Custom Routing Global Accelerator

Deployment Steps

The deployment will be done in 2 steps. Part 1 showing how to host game servers with FleetIQ, and part 2 showing the integration of Global Accelerator with FleetIQ

Part 1- Game Server Hosting on Amazon Elastic Container Service with Amazon GameLift FleetIQ

This github repository contains an example solution on how to scale a fleet of game servers on Elastic Container Service and match players to game sessions using a Serverless backend. Game Sessions are managed by Amazon GameLift FleetIQ. All resources are deployed with Infrastructure as Code using CloudFormation, Serverless Application Model, Docker and bash scripts.

Key Features

  • GameLift FleetIQ used to provision a Game Server Group. EC2 instances in the group will register to an ECS Cluster as workers
  • Game Server Tasks deployed to the ECS Cluster by a serverless scaler service to always keep all instances fully utilized
  • A Serverless API used for claiming game sessions from GameLift FleetIQ. Deployed with Serverless Application Model
  • CloudFormation used to deploy all infrastructure resources
  • Cognito used for player identities. Requests against the API are signed with Cognito credentials
  • Unity used on both server and client side. Unity server build is deployed as a Linux Docker container


The project contains:

  • A Unity Project that will be used for both Client and Server builds (UnityProject). Server build will be further built into a Docker container image and deployed to Elastic Container Registry as part of the deployment automation
  • A Backend Project created with Serverless Application Model (SAM) to create a backend for game session requests using API’s, and a continuously running scaler function for creating game server Tasks (BackendServices)
  • Infrastructure deployment automation leveraging AWS CloudFormation to deploy all infrastructure resources (CloudFormationResources)
  • A build folder for the server build which includes a Dockerfile for building the docker image (LinuxServerBuild)

Implementation Overview

The AWS Infrastructure for the solution consists of

  • a VPC with public subnets across two Availability Zones to host the ECS Container Instances on top of which we will deploy the ECS game server Tasks (CloudFormationResources/ecs-resources.yaml)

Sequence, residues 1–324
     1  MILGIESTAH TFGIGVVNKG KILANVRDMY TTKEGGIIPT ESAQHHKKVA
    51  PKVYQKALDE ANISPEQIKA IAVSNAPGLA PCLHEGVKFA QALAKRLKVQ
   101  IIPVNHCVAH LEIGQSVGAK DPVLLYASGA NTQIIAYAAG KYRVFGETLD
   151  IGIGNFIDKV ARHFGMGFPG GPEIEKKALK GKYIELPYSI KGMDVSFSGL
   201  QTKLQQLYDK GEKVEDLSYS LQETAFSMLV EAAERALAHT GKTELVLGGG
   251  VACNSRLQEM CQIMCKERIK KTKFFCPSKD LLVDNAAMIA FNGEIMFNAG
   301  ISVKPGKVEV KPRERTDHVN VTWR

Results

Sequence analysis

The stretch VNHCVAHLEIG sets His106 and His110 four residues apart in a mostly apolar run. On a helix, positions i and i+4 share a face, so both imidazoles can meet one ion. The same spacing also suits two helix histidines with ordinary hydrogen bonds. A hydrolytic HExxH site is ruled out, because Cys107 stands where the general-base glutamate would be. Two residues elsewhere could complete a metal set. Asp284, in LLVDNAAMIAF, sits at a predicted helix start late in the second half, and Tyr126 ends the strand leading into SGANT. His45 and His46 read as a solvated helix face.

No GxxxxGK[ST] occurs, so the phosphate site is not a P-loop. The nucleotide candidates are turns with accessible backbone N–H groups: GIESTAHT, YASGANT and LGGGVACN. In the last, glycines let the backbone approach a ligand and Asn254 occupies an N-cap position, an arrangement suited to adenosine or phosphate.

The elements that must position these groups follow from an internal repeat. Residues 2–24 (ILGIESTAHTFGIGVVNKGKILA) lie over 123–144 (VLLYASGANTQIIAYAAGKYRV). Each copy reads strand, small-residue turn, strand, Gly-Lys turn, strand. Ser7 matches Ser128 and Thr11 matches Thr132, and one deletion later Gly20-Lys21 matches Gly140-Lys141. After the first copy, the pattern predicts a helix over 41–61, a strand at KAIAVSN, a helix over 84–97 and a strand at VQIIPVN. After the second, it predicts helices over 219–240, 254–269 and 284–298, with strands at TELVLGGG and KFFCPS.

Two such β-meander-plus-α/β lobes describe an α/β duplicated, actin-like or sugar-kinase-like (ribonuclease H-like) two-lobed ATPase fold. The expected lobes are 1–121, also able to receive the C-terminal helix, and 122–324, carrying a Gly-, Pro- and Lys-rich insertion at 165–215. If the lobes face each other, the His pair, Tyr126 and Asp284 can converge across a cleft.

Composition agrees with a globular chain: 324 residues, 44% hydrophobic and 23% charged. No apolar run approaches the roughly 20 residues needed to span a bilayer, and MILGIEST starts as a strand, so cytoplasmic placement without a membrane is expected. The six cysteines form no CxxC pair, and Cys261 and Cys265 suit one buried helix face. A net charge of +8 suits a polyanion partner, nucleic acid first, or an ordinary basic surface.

• an ECS Cluster that is used to host the ECS Tasks (CloudFormationResources/ecs-resources.yaml)
  • a GameLift FleetIQ Game Server Group that maps to an Auto Scaling Group of instances that register to the ECS Cluster and use the ECS AMI. This Game Server Group will scale based on the percentage of available game servers using Target Tracking. (CloudFormationResources/ecs-resources.yaml)
  • a Cognito Identity Pool that is used to store the player identities (CloudFormationResources/cognito.yaml)
  • an ECS Task Definition that defines the Task to be run in public subnets of the VPC using the game server image uploaded to ECR. The Tasks use bridge-networking and HostPort 0 to get a dynamic port at launch. The Security Group of the instances allow access to the dynamic port range from the internet. (CloudFormationResources/game-server-task-definition.yaml)
  • A custom routing Global Accelerator that maps the Global Accelerator IP and port to the backend game server IP and port

Part 2 – Integration of AWS Global Accelerator with Amazon GameLift FleetIQ to Improve In-Game Performance

Creating a custom routing accelerator

In order to allow game traffic to be sent from the game client to the accelerator, first you create a custom routing accelerator and add each subnet, that will contain your servers in the fleet, as endpoints to the custom routing accelerator. In this section you can see how the custom routing Global Accelerator can be deployed through AWS Management Console. Global Accelerator custom routing is not supported by CloudFormation at the time this blog post was published.

  • Open the Global Accelerator console at
  • Choose Create accelerator.
    • Provide a name for your accelerator. In the example “testagademo” has been used.
    • For Accelerator type, select Custom routing.
    • For each static IP address, choose the IP address pool to use.

Deploy Game Servers with Amazon GameLift FleetIQ and Integrate with Custom Routing AWS Global Accelerator

  • Add Listeners
    • Enter Ports range as 10001-30000

Deploy Game Servers with Amazon GameLift FleetIQ and Integrate with Custom Routing AWS Global Accelerator

  • Add endpoint groups
    • Select the region you have deployed your game servers
    • Enter 49151 as Port range start and 49170 as Port range end. Choose Protocols as TCP.

Deploy Game Servers with Amazon GameLift FleetIQ and Integrate with Custom Routing AWS Global Accelerator

  • Add VPC subnet endpoints.
    • Select Subnet as Endpoint type.
    • Select the subnets created earlier as a part of Part 1 deployment in Endpoint.
    • Select Allow all traffic for Subnet traffic.

Deploy Game Servers with Amazon GameLift FleetIQ and Integrate with Custom Routing AWS Global Accelerator

  • Create the accelerator.
    • The accelerator gets created with two external IP addresses associated with it.

Deploy Game Servers with Amazon GameLift FleetIQ and Integrate with Custom Routing AWS Global Accelerator

Registering FleetIQ servers

Once the custom routing global accelerator has been created, update the Request Game Session lambda function to send back the IP and port of the global accelerator.

  • Select the IAM role associated with the Lambda function and provide permissions to access Global accelerator.

Deploy Game Servers with Amazon GameLift FleetIQ and Integrate with Custom Routing AWS Global Accelerator

  • Update to call the Global Accelerator and get the IP address and port.
# Copyright, Inc. or its affiliates. All Rights Reserved.
# SPDX-License-Identifier: MIT-0

import json
import os
import logging
import boto3
logger = logging.getLogger()

aga_client = boto3.client('globalaccelerator', region_name='us-west-2')

# Retrieves port and IP from custom routing Global Accelerator for a server IP and port